Big sovereign and public sector funds globally have skewed their investments to their domestic markets since the outbreak of covid-19, according to a report by Global SWF.
However, the two Australasian sovereign funds, Future Fund and New Zealand Superannuation Fund, have stayed the course with their investment strategies, according to spokespeople for those organisations.
The August newsletter of Global SWF, a privately owned research and marketing advice firm in the US and Europe, reports on an examination of the investments of the funds compared with pre-covid geographical spreads and found that, on average, domestic investments jumped from 22 per cent to 41 per cent by value since the pandemic.
The researchers studied only those funds which were not restricted in their investment strategies to either domestic only or foreign only, which are common constraints on government-controlled funds.
Neither the Future Fund nor NZ Super are restricted by geography or asset class. The Future Fund, however, is restricted to using external fund managers, rather than also having inhouse teams as big APRA-regulated funds have.
Spokespeople for the two funds said last week (August 2) that the Future Fund had retained 20-25 per cent domestic exposure, as per recent years, and NZ Super had kept its domestic exposure to around the 15 per cent mark.
The Future Fund said its asset allocation and currency exposures were driven purely by investment decisions in pursuit of the fund’s risk-adjusted return target. NZ Super said that the nominal exposure (to domestic) would have increased (in the past two years) but, given the fund’s weighting to international equities, the percentage would decrease over time.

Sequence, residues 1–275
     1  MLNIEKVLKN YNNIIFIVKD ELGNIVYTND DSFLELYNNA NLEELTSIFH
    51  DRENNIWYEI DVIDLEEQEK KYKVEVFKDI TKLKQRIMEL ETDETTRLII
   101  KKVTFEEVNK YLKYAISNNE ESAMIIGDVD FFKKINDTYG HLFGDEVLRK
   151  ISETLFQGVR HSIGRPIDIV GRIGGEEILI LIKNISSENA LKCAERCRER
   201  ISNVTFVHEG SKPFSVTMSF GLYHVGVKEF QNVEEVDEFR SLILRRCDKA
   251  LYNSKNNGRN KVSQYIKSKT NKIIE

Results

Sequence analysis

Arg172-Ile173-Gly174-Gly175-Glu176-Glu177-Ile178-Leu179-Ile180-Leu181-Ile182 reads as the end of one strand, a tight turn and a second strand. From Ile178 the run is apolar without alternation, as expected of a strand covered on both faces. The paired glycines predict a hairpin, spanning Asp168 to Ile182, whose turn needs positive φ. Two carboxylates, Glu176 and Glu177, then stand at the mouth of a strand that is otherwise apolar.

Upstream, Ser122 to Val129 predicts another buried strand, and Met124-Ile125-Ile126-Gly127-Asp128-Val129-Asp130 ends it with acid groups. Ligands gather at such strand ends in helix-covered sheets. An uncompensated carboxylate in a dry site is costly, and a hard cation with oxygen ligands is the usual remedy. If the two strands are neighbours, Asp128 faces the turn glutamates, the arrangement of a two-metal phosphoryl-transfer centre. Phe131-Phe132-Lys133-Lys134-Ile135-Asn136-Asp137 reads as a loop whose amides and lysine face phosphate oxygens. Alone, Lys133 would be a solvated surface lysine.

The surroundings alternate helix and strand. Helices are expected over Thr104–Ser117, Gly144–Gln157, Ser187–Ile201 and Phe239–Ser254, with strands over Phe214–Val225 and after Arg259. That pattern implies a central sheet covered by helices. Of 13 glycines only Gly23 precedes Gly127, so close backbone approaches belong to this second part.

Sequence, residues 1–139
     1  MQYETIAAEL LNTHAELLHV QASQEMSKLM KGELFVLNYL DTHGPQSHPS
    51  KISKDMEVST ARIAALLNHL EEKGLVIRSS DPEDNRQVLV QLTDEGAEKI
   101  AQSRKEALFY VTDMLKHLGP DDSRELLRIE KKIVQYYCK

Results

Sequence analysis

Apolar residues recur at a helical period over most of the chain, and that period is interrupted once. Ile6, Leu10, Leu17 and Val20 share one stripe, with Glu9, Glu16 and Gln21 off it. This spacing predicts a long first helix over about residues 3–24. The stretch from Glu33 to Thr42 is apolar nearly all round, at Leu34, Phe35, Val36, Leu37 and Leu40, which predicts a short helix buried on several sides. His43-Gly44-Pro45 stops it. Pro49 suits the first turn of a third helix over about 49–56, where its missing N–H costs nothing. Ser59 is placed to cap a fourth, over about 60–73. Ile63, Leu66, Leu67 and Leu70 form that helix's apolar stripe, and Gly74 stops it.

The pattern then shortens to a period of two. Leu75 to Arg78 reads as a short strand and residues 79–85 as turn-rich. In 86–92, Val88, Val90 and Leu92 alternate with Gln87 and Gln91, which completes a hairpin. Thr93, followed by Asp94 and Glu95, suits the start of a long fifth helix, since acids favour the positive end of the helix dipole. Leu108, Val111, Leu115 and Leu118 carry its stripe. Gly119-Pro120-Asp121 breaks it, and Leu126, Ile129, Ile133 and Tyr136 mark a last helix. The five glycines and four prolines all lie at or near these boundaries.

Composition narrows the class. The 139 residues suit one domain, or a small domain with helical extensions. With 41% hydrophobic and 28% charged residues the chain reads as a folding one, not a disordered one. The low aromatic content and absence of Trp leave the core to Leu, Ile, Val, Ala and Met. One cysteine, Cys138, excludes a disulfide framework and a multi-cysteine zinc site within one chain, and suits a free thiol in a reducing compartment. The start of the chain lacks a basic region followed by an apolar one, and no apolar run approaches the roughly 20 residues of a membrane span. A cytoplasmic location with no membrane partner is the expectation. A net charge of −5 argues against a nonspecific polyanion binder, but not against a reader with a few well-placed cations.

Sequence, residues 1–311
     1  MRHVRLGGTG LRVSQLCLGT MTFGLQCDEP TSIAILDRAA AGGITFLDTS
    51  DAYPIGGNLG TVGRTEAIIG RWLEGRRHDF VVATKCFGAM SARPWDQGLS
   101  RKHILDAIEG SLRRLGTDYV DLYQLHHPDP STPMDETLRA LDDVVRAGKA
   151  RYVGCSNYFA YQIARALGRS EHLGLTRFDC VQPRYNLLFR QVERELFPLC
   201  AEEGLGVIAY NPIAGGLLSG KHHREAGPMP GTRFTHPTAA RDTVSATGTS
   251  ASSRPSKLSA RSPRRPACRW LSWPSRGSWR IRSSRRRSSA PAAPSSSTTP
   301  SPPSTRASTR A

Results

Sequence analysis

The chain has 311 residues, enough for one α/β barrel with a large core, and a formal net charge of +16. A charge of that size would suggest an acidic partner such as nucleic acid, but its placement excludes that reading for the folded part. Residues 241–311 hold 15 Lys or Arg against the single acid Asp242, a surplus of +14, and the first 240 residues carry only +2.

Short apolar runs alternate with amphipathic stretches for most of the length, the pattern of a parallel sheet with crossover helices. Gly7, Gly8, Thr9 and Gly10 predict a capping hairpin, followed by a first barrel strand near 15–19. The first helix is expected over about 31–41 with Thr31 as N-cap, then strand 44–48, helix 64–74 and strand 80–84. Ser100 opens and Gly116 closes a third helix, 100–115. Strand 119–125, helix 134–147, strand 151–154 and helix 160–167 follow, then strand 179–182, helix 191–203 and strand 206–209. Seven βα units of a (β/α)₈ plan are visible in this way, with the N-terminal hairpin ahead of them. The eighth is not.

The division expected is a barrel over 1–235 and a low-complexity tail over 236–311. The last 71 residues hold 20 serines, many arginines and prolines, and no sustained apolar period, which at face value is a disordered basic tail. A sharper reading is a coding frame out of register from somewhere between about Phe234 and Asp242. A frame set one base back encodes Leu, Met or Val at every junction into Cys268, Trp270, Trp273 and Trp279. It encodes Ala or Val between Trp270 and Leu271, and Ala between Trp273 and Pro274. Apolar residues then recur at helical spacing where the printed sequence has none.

While the Global SWF report does not specify individual funds’ domestic-versus-foreign weightings, it excludes several big sovereign funds in the region from the analysis. Of the Singapore funds, GIC can only invest offshore, for instance, but Temasek can invest in both. Korea’s KIC can invest only offshore, as with China’s US$1.5 trillion China-Africa Development Fund, but China’s three other big state-owned funds – CIC, SAFE and NSSF – are all unrestricted.
Global SWF, founded by Diego López, the managing director, in 2018, says that funds such as Kuwait’s KIA, Nigeria’s NSIA and Malaysia’s Khazanah have been asked broth for capital and have been invited to invest in national companies.
Others, like the stabilisation funds or central banks’ sub-accounts, are accountable via dividends but are not asked for investments.
“A third sub-group of funds, led by Australia’s Future Fund, Saudi Arabia’s PIF and UAE’s Mubadala, have significant domestic portfolios but are not normally asked for dividends (even if technically they could),” the report says.
“Global SWF has analysed the investment activity of the mixed-mandate funds both pre-covid (January 2017 to March 2021) and from the outbreak of the pandemic (since March 2021). The results are extraordinary: funds are investing almost double as much (41 per cent versus 22 per cent) at home as they used to before the crisis, in terms of value.
“Part of this effort has been dedicated to airlines, including Qatar Airways (QIA), Aeroflot (NWF) and Malaysian Airlines (Khazanah). Kuwait decided to sell its last performing assets to its sovereign wealth fund to help bridge its yawning budget deficit. And Saudi Arabia’s PIF continued to be a significant domestic player with investments like ACWA and the Red Sea Terminal.
“High levels of activity in domestic economies are likely to continue. However, we expect to see funds moving from ‘imposed investments’ into ‘opportunistic deals’ as economies recover to normal levels at the end of 2021 and 2022. Only those funds allowed to invest everywhere will be able to assess prospects on the same scale and to cherry pick the bargains.”
Greg Bright is contributing editor to Investor Strategy News (Australia)